Indian Journal of Dermatology
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CORRESPONDENCE
Year : 2016  |  Volume : 61  |  Issue : 2  |  Page : 220
Authors' Reply


1 Department of Dermatology, Katihar Medical College, Katihar, Bihar, India
2 Department of Dermatology, Medical College and Hospital, Kolkata, West Bengal, India
3 Mahatma Gandhi Missionary New Bombay Hospital and Research Center, Navi Mumbai, Maharashtra, India

Date of Web Publication1-Mar-2016

Correspondence Address:
Anupam Das
Department of Dermatology, Medical College and Hospital, Kolkata, West Bengal
India
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Source of Support: None, Conflict of Interest: None


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How to cite this article:
Kumar P, Savant SS, Das A, Hassan S, Barman PD. Authors' Reply. Indian J Dermatol 2016;61:220

How to cite this URL:
Kumar P, Savant SS, Das A, Hassan S, Barman PD. Authors' Reply. Indian J Dermatol [serial online] 2016 [cited 2021 Nov 30];61:220. Available from: https://www.e-ijd.org/text.asp?2016/61/2/220/177765


Sir,

We thank the authors for taking interest in our recent article titled, “Lichen planus pemphigoides presenting preferentially over preexisting scars: A rare instance of isotopic phenomenon.”[1] We, in our report, have etiologically related the development of lichen planus pemphigoides lesions to preexisting scars, to the sluggish circulation on account of scarring.

The authors have mentioned that our case is an example of immunocompromised cutaneous district. Events such as infections, trauma, and vaccinations in a particular site lead to immune dysregulation. After the primary event has subsided, the local interplay of immunological mediators becomes different from the surrounding skin. This possibly leads to the development of secondary complications including neoplastic, immunological, and infectious disorders.[2],[3] In our case, the primary event was pyoderma gangrenosum which had healed with atrophic scars. In due course of the disease, as proposed by the authors, destabilization of immunological mediators and neurotransmitters took place. This dysregulation led to the development of lesions of lichen planus pemphigoides. Hence, this case can be definitely regarded as an example of “isoscartopic response.”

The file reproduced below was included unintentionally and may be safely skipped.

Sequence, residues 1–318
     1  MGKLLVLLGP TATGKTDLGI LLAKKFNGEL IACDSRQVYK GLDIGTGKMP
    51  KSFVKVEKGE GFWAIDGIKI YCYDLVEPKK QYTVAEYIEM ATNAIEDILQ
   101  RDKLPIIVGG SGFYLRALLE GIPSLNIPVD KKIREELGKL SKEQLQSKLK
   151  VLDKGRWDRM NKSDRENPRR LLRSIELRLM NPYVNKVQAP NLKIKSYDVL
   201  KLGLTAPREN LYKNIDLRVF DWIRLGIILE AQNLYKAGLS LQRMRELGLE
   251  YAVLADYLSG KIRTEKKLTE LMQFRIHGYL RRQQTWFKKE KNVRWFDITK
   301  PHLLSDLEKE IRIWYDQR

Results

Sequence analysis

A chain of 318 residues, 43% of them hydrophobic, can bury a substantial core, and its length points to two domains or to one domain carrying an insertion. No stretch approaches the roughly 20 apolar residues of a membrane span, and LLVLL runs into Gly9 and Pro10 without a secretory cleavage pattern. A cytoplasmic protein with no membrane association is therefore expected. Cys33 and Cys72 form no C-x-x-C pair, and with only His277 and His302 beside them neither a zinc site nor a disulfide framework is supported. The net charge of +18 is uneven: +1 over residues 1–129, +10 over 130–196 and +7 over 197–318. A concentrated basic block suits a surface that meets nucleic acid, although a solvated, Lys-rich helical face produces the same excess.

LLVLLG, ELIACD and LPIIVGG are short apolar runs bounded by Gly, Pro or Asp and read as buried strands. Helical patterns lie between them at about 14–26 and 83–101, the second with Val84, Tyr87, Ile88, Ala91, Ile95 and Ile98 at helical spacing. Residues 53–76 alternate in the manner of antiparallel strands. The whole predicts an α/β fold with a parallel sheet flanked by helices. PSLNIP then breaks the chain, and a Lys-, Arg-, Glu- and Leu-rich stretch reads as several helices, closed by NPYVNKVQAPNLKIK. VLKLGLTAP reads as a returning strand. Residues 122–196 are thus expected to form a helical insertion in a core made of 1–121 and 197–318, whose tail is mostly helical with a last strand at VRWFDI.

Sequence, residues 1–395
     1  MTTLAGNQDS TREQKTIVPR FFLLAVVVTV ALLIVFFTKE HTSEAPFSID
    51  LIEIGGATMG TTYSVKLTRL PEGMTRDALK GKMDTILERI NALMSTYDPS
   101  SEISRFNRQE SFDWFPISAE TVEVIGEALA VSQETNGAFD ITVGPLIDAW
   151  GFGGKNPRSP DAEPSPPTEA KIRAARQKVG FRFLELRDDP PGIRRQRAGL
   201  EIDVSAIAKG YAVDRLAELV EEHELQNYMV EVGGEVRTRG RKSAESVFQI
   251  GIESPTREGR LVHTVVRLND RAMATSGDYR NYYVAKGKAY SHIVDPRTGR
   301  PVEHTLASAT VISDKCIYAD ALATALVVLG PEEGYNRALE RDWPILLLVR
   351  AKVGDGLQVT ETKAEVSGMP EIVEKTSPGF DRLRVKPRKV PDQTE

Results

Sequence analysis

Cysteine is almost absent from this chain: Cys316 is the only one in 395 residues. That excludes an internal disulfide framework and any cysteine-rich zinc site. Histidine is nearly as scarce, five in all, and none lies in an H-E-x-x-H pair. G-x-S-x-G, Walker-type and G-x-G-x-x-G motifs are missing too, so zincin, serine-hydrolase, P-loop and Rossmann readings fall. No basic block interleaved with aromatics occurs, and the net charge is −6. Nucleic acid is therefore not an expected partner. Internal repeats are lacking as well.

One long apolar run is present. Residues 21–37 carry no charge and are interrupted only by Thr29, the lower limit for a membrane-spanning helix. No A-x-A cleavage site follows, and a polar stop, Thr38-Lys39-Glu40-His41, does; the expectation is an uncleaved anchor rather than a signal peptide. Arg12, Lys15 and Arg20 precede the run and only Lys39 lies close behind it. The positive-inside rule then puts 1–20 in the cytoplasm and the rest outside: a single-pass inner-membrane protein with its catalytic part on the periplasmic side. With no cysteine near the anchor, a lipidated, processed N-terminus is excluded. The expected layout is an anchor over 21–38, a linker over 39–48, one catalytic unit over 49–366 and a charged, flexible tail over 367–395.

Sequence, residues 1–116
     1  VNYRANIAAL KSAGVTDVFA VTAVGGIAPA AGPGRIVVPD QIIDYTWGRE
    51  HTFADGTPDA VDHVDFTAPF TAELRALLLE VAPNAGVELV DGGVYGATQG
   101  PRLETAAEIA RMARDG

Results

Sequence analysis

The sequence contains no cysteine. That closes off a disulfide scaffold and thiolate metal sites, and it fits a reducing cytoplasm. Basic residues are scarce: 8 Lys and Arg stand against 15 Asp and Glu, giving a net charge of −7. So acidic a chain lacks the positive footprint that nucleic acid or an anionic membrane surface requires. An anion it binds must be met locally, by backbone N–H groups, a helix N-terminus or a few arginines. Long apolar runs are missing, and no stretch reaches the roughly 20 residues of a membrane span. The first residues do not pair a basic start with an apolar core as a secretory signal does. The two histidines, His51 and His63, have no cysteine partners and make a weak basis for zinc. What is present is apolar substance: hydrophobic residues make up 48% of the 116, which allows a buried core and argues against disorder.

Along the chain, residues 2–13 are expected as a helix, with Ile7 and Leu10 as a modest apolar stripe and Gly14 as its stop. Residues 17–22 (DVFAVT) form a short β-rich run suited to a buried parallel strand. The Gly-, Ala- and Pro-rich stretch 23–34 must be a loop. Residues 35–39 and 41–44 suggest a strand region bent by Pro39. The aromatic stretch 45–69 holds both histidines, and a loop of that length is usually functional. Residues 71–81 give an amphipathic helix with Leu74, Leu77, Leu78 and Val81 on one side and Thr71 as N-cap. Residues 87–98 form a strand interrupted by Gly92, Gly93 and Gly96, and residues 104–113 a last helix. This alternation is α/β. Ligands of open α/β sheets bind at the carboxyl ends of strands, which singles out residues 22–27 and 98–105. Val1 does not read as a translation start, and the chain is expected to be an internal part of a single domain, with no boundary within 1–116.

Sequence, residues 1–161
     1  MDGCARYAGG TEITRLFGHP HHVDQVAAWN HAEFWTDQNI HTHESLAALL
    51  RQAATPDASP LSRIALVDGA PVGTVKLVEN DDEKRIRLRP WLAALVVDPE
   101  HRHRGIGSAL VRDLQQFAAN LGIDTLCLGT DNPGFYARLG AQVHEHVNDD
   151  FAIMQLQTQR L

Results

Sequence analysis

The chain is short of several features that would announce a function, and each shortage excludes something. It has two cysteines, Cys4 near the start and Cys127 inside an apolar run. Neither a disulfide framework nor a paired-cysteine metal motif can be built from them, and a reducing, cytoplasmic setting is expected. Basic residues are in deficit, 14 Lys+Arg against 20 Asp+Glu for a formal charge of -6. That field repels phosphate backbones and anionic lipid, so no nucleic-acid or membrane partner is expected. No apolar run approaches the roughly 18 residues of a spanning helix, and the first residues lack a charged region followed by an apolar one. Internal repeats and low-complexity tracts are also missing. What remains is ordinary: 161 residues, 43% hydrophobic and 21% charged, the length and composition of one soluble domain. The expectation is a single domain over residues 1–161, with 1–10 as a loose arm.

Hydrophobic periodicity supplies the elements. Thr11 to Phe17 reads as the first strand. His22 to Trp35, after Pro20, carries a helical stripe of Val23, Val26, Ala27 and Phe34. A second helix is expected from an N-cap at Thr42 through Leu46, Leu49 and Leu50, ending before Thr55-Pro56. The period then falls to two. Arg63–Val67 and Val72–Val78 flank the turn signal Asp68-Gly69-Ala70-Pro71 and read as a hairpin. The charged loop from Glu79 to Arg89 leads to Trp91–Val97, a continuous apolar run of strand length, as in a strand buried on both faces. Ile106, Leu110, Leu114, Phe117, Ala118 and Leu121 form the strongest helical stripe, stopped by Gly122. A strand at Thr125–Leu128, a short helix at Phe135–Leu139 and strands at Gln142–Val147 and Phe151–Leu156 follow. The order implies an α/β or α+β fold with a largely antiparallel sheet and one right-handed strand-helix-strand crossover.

We would like to appreciate the authors for bringing out a new angle to our case report.[1]

Financial support and sponsorship

Nil.

Conflicts of interest

There are no conflicts of interest.

 
   References Top

1.
Kumar P, Savant SS, Das A, Hassan S, Barman PD. Lichen planus pemphigoides presenting preferentially over preexisting scars: A rare instance of isotopic phenomenon. Indian J Dermatol 2015;60:596-9.  Back to cited text no. 1
  Medknow Journal  
2.
Ruocco V, Brunetti G, Puca RV, Ruocco E. The immunocompromised district: A unifying concept for lymphoedematous, herpes-infected and otherwise damaged sites. J Eur Acad Dermatol Venereol 2009;23:1364-73.  Back to cited text no. 2
    
3.
Lo Schiavo A, Brancaccio G, Romano F, Caccavale S. Nerve injury and localized skin lesions: An instance of immunocompromised district. Skinmed 2012;10:260-1.  Back to cited text no. 3
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